I am a great fan of Sarah Lucas and her work. I love the way she wears her gender politics on her sleeve and unapologetically sticks to a form of artistic expression which has altered little over the last 15 years, yet which still appears fresh, packs a powerful punch and retains its relevance within today’s contemporary art scene, a scene which uncomfortably shuffles its feet when confronted with overtly feminist work.
I read two reviews before visiting Make Love, one by Colin Glen in Art Monthly and the other by Coline Milliard for artinfo.com. As a fledging art historian and critic, far be it for me to make judgments on other people’s writing styles, but Glen’s constant artist name dropping when describing Lucas’s work and references to complex theoretical discourses may fit the required writing style of the publication, but left me struggling to understand exactly what he thought of her work and I feel completely missed the point of what Lucas is all about. In contrast, Milliard’s more accessible writing style really reflected Lucas’s no-nonsense attitude. For me, it is fascinating to compare both reviews and discover and decide which style of writing appeals to me as a reader and in developing my own writing.
So, to the exhibition itself! The whole premise of handing over Sadie Coles’ new Situation project space located next to the main gallery in Burlington Place to Lucas who will curate a year’s programme of her own work, is testament to the strength of the long standing and personal relationship between the artist and her dealer. In Make Love, Lucas presents ten new sculptures which all make use of her trademark stuffed tights, metal buckets and concrete blocks. Titles such as “Pussy”, “Hard Nud” and “Tit Teddy” reflect Lucas’s familiar hard-arse, in-your-face intimacy in her gender-based pieces, while the biomorphic Nuds series offer a more reflective and expanding vocabulary. Two printed wallpapers, “Priére de Toucher” and “Get Off Your Horse”, both earlier works slightly readjusted and represented twelve and seventeen years (respectively) since they were first created. Lucas’s reasoning for including these two pieces and references to ancient myth contained in the press release, require further investigation.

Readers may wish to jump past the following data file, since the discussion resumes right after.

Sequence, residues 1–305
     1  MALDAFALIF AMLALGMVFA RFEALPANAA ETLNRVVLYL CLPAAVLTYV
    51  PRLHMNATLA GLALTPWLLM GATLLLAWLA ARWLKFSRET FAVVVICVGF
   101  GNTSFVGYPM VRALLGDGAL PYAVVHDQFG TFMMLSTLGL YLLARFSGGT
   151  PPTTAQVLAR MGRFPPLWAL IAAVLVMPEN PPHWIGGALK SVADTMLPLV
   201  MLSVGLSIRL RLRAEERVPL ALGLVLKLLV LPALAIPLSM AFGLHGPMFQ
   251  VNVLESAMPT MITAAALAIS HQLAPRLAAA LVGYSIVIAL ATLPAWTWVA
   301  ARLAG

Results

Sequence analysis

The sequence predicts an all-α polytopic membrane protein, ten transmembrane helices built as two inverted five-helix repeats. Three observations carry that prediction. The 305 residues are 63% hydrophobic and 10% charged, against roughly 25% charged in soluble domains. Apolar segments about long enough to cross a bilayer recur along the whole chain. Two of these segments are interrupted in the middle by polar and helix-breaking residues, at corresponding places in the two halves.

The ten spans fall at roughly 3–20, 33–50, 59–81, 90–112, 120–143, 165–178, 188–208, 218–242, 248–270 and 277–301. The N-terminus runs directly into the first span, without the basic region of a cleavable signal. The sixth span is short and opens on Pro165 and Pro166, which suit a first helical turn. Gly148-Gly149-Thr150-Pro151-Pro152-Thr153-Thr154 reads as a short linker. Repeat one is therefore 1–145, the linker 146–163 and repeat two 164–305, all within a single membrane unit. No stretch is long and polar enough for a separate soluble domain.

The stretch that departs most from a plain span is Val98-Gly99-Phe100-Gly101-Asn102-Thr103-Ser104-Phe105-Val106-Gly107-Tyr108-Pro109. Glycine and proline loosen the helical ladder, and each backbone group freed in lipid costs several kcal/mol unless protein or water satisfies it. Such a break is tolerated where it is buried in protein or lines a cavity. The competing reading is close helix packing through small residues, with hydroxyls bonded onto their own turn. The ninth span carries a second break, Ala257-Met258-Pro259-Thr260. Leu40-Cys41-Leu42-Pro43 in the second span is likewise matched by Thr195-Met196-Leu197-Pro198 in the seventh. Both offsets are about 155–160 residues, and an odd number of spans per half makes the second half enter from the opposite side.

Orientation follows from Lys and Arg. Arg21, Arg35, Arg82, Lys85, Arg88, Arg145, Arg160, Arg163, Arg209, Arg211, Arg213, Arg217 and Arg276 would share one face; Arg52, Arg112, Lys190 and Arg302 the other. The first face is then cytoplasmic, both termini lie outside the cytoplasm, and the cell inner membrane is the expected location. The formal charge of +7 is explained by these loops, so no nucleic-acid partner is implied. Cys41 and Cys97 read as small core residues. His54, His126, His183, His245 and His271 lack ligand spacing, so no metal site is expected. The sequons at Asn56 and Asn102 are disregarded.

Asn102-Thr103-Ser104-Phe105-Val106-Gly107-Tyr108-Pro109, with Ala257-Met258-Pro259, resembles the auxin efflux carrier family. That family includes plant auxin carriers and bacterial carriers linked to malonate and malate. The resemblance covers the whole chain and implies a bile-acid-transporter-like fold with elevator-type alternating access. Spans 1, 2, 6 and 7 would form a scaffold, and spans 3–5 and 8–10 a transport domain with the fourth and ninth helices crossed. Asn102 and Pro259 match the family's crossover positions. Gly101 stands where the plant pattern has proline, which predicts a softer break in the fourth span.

Lucas’s work is as much about formal qualities and material understanding as it is about social commentary. Despite the rough and ready, do-it-yourself attitude of artist run spaces which Situation alludes to with its shabby interior of stripped back walls and bare floor, the work is almost mute within such an austere setting. The severity of both her work and the interior almost cancel themselves out. When her sculptures are installed and viewed in venues such as the Freud Museum in 2000 and more recently during her week’s residency at the St John Hotel in Soho as part of last year’s Frieze Art Fair, the juxtaposition between her use of everyday and domestic objects against more formal and dare I say it, decorative interiors, adds a friction between the work and the viewer which forces the viewer to reflect longer on such work.
Despite this, Making Love proves that Lucas has remained a constant and forceful presence in the British art scene since the heady yBa years of the early 1990s. In a 2006 interview for The Guardian, when asked what words or phrase she overuses the most, Lucas replied “go away, get a knob, come back, we'll talk about it”. Such is the sentiment of the artist, such is the sentiment contained within her work.